Bringing a new bundle of puppy (or kitty) love into the household brings so much joy, as does adopting an older pet who’ll be even more appreciative of all the affection and treats you give. No matter your pet’s age or stage, though, there’s no getting around the fact that having a furry friend means you’ll be needing to do a lot more cleaning.
Before you grab the same supplies that stood you in good stead during your pet-free days, you might want to stop and consider whether they’re likely to be harmful to your pets. Pets — dogs especially — are like little kids in that there’s nothing they won’t try to put in their mouths at least once (though more often, they’ll do it over and over again). Even if you have all your cleaning stuff safely locked up in a puppy-proof cabinet, there’s likely to be residue left on the surfaces you clean, as well as fumes that might be harmful to a super-sensitive sniffer. Luckily, you can easily make your own DIY cleaning supplies that won’t harm your pets one bit, and, as a bonus, are a lot cheaper than the store-bought stuff.
You're going to need a good carpet cleaner
Accidents happen, whether you’ve got a puppy who’s still getting the hand of potty training (you hope!) or a canine (or feline) senior citizen who seems to have sprung a few leaks. Even a healthy, well-trained dog may experience the occasional digestive upset at a time when you’re not on hand to let them out in the yard.
The American Kennel Club recommends making a pet-safe carpet cleaner by mixing equal parts of water and distilled vinegar in a spray bottle (you can also use the more expensive apple cider vinegar if that’s what you’ve got on hand) and adding a tablespoon of hydrogen peroxide. Spray the solution right on the oopsie, then let it sit for a few minutes before blotting it up with a paper towel or a rag. While the hydrogen peroxide itself should help get rid of the odor, if the rug’s still a bit stinky you can also sprinkle the spot with some baking soda after it’s dry. Let the baking soda sit for 10 to 20 minutes, then vacuum. If you have a colored carpet, though, you might want to go easy on the peroxide. This substance works as a mild bleaching agent, and it’s not entirely color-safe. Test the peroxide solution on a small, hidden spot on the carpet (maybe behind the sofa) before using it on a more visible area.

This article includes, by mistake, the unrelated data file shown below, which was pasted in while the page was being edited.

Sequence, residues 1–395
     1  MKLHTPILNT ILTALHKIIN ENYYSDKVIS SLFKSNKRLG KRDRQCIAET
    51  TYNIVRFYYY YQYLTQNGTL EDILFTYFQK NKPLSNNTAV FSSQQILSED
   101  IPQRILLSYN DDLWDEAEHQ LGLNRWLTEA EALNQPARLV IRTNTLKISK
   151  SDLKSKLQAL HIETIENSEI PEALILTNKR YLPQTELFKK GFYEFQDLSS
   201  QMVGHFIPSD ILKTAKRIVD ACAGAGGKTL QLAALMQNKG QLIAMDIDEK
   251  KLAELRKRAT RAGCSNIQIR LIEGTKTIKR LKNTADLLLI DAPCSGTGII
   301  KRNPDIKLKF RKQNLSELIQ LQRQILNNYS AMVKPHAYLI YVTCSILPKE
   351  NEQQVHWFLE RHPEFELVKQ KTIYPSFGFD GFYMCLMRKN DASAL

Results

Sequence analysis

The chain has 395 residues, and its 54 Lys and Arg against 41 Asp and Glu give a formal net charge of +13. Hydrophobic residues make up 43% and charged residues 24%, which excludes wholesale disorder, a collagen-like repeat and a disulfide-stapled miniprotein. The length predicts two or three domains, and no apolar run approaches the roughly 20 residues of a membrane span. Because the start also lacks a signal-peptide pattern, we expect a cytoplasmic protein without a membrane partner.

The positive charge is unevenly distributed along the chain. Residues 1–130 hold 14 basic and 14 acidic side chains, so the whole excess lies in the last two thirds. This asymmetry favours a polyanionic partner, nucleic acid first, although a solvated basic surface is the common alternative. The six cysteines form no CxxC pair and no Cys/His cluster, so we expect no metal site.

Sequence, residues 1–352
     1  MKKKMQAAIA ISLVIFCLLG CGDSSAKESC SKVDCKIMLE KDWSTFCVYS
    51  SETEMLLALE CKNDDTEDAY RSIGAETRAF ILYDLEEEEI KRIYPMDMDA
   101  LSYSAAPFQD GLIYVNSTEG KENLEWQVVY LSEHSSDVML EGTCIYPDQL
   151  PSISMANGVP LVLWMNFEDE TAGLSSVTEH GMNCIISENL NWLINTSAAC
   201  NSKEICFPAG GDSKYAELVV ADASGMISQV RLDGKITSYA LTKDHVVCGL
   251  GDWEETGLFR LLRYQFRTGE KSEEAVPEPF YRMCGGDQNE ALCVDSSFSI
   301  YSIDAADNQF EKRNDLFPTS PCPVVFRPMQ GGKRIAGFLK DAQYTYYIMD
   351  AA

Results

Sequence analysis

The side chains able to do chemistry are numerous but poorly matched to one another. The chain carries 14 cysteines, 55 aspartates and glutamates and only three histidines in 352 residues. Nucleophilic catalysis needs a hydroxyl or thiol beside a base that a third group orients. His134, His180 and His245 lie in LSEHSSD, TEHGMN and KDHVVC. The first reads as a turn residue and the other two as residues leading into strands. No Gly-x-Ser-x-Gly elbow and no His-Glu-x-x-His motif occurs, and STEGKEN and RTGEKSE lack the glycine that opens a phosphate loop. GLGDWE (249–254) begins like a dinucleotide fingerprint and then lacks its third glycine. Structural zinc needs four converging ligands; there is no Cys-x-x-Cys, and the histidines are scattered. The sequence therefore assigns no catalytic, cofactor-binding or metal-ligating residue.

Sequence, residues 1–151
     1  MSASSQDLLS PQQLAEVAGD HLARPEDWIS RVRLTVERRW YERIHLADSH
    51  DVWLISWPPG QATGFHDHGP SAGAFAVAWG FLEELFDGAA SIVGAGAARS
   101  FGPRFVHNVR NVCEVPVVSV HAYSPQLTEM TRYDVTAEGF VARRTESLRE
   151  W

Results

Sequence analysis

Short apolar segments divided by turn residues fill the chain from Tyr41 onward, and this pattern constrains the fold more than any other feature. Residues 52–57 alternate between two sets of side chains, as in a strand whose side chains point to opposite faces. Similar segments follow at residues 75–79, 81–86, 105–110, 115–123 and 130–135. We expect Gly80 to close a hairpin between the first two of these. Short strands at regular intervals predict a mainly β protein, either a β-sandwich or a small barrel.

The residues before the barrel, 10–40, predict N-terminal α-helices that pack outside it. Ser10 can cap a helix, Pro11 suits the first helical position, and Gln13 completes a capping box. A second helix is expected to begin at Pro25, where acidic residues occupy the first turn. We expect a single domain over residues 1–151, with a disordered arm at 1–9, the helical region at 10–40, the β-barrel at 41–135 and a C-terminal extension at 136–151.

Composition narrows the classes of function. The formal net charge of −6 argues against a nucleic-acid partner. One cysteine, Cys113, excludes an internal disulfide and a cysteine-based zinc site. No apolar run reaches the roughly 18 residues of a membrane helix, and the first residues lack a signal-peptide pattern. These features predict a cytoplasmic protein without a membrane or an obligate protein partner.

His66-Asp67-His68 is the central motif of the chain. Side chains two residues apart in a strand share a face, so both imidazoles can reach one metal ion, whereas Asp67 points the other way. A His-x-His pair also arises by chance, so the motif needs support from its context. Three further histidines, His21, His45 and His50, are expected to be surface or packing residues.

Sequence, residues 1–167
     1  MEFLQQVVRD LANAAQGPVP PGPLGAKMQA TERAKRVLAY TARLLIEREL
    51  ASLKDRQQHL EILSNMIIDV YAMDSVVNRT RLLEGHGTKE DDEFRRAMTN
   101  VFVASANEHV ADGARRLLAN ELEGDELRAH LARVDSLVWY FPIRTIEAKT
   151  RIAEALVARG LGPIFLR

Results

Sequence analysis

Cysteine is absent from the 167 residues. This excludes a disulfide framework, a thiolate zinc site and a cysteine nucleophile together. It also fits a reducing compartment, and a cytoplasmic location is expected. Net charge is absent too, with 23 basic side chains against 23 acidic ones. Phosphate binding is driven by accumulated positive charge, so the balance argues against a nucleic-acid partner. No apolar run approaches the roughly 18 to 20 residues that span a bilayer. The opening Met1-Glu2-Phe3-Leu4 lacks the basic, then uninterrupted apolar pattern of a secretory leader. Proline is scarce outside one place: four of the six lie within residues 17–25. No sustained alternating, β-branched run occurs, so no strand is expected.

These all-purpose cleaners should be safe for most surfaces
According to the American Kennel Club, the 50/50 vinegar/water mix without the added peroxide makes for a great all-purpose cleaner, although you can also add the peroxide and/or a squeeze of lemon juice for some extra oomph. The Pets on Broadway blog suggests an even more economical 1:10 vinegar/water mix, something that should be plenty powerful enough for simply wiping down sticky countertops and cabinets, mopping floors, and scrubbing out the sink.
While you can also use the vinegar and water solution to clean those nose and paw prints off your windows, Pets on Broadway also offers another recipe: Five tablespoons of lemon juice mixed with two liters (or pints) of water — they say it’s okay to estimate, there’s no need to be exact in your measurements. This solution can be sprayed directly on windows and wiped off with a lint-free cloth, and it can also be sprayed on the cloth and used to wipe down phones and computer screens (carefully, of course, since electronics).
You can even have a greener, cleaner toilet
Does your doggo drink out of the toilet bowl? Don’t be embarrassed — they sure aren’t! Dogs will be dogs, and that’s why we love them. Still, this little quirk makes it all the more important to avoid using toxic chemicals in your toilet. The American Kennel Club says you can clean the bowl by pouring in half a cup of baking soda, followed by a cup of vinegar. Yes, it will bubble up into a “volcano” just like the one you made in third grade science class. Let it fizz for 10 minutes, then grab your toilet brush (assuming your pup hasn’t made off with it) and scrub, then flush. You can also use this same baking soda + vinegar hack as a non-toxic drain cleaner, although instead of scrubbing and flushing you’ll be pouring a few quarts of boiling water down the drain to wash away any clog-causing grease.
Furchild Pet Nutrition offers one more toilet cleaner you probably never thought of: Tang, that orange powdery stuff that the astronauts supposedly drank. They say to pour a quarter cup into the pot, swish it around, and let it sit for an hour before flushing. While Tang’s toilet-cleaning properties make us wonder just what it might have done to those poor astronauts’ insides, it shouldn’t do any harm to your pets, and, in fact, the orange-y scent may actually keep kitties away since they’re not big fans of citrus.
Avoid using these cleaning products
While the internet is full of DIY home cleaning products, not all of the ingredients they call for are going to be as pet-safe as the ones recommended here. Furchild Pet Nutrition warns that there are several ingredients often called for in homemade cleaning supplies that you should avoid using, as they could be harmful to your fur friends: Ammonia, bleach, and isopropyl alcohol. They also warn against any commercial cleaners containing these ingredients, as well as ones made with formaldehyde, perchloroethylene, phenols, and/or phthalates.
Ammonia, in particular, is something you will want to avoid if you’re cleaning up any pee stains. Urine contains ammonia, so dogs and cats might associate the ammonia smell with a pee smell and feel compelled to add a little extra sprinkling of their own product. Whatever you do, though, never, ever use bleach to clean up a puppy puddle! The bleach will react with the naturally-produced ammonia and release dangerous fumes. Stick to vinegar, baking soda, and hydrogen peroxide for pee stains, since these won’t cause you or your pet any harm.
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